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Suppose $x:\mathbb{R}\to \mathbb{R}$ is parameterised by $\lambda$. What does it mean to take a derivative of a function $f(x)$ with respect to $\dot{x} = \frac{dx}{d\lambda}$. i.e. what does $\frac{df(x)}{d\dot{x}}$ mean? How do we compute it?

Is $\frac{d}{d\dot{x}}=\frac{d}{d\frac{dx}{d\lambda}}=^{??} \frac{d\lambda}{dx}=^{??} 0$ ???

For example, how would one compute $\frac{d}{d\dot{x}} e^x$?

(This question has arisen from an undergraduate relativity course, in trying to compute the Euler-Lagrange equations, given a certain metric).

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  • $\begingroup$ As someone who studied both mathematics and physics to a master's degree: Don't expect correct formality when physicists use math. You need to see what is meant, not what is written. Here, as explained in juan arroyo's answer, $\dot x$ is meant as an variable (sort of) independent from $x$. It just happens to, as a function, equal to the derivative of $x$.:) $\endgroup$ – Antitheos Jan 5 '17 at 20:29
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    $\begingroup$ Related: math.stackexchange.com/questions/1963640 $\endgroup$ – Chappers Jan 5 '17 at 20:48
  • $\begingroup$ Related: math.stackexchange.com/q/580858/11127 $\endgroup$ – Qmechanic Jan 24 '17 at 19:54
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I think many answers are missing the central point of confusion here. Your instincts are correct: in general the notation $\frac{\partial L}{\partial\dot{x}}$ makes absolutely no mathematical sense whatsoever. A mathematician would probably not use this notation given a choice.

But the Lagrangian is special because it is given as a function of $x$ and $\dot{x}$. So the notation you're seeing can be justified in this context, using the following protocol.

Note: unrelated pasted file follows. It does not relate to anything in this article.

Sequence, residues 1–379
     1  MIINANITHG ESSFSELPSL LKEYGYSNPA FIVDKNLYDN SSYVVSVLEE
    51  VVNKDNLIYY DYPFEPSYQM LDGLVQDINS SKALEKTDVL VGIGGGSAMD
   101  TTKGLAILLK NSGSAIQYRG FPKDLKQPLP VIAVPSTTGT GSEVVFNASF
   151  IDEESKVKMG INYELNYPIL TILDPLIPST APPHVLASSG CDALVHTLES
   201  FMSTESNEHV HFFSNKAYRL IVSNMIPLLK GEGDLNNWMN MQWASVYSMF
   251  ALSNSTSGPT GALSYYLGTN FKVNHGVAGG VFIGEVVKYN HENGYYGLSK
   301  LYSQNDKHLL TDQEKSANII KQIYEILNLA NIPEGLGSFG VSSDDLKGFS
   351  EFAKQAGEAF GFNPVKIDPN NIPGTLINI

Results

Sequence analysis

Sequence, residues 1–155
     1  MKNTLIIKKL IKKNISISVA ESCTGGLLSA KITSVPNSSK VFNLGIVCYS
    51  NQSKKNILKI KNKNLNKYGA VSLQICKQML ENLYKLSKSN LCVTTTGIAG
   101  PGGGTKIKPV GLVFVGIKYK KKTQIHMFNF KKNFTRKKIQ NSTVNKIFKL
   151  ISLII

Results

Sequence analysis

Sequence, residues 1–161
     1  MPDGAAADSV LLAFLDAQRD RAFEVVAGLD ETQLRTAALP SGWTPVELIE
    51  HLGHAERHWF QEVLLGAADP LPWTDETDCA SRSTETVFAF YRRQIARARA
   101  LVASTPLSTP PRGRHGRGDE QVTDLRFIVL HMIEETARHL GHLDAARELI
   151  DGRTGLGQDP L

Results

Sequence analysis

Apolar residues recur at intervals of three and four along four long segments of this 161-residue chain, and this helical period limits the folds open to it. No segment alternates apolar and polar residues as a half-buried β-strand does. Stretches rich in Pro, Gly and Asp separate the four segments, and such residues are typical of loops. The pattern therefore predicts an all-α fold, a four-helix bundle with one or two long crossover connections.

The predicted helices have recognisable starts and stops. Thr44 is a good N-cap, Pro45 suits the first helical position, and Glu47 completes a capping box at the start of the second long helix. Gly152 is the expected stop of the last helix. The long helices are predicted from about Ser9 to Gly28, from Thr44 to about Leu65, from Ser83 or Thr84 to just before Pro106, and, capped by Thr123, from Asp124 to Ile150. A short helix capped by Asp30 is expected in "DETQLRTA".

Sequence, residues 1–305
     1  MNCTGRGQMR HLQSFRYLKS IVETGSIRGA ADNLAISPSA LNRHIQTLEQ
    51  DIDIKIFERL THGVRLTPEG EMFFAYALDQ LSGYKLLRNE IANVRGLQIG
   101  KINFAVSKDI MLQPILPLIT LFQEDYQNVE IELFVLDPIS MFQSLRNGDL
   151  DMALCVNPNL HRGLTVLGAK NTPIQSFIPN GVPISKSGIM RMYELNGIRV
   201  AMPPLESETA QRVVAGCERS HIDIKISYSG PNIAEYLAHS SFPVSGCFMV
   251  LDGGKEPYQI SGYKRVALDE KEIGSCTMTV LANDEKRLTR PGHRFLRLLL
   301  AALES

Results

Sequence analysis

First, define

$$v(\lambda) = \dot{x}(\lambda)=\frac{dx}{d\lambda}$$

Then, think of the symbol $\dot{x}$ as the same thing as $v$; in other words, anywhere you see $\dot{x}$, replace it in your head or on paper with $v$.

Now, the Lagrangian is usually given as a function of two variables $L=L(x,\dot{x})$, which you can rewrite

$$L(x,v)$$

Thus $L$ is just a function of two independent variables $x$ and $v$, ie. it's a function $\mathbb{R}^2\to\mathbb{R}$. So rewriting $\frac{\partial L}{\partial \dot{x}}$ as

$$\frac{\partial L}{\partial v}$$

gives us something sensible.

To sum up, the only reason the notation $\frac{\partial f}{\partial \dot{x}}$ works is because $f$ is given as a function of $x$ and $\dot{x}$. This notation would not make sense for arbitrary smooth functions.

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Be careful with your second line it's best practice to keep it like $\frac{d}{d\dot{x}}$. It is really as simple as it looks. Given some Langrangian say $L(x,\dot{x})=\frac{1}{2}m\dot{x}^2 - V(x)$. Then $\frac{\partial L}{\partial \dot{x}} = m\dot{x}$.

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    $\begingroup$ Why is $\frac{\partial}{\partial \dot{x}} V(x) = 0$ ?? $\endgroup$ – vkan Jan 5 '17 at 13:40
  • $\begingroup$ Ah, it's an arbitrary function of $x$ only i.e. it contains no terms that include $\dot{x}$. I could have left it out I just know that it is a common Langrangian that you might recognise. It's the potential energy function. $\endgroup$ – Rumplestillskin Jan 5 '17 at 13:45
  • $\begingroup$ With that in mind, what do you think $\frac{d}{d\dot{x}}e^{x}$ would be now? $\endgroup$ – Rumplestillskin Jan 5 '17 at 13:46
  • $\begingroup$ According to your explanation it would be zero. But, I'm still unsure, since couldn't one say that $\dot{x}$ is related to $x$ so there may be some dependence between them? $\endgroup$ – vkan Jan 5 '17 at 13:49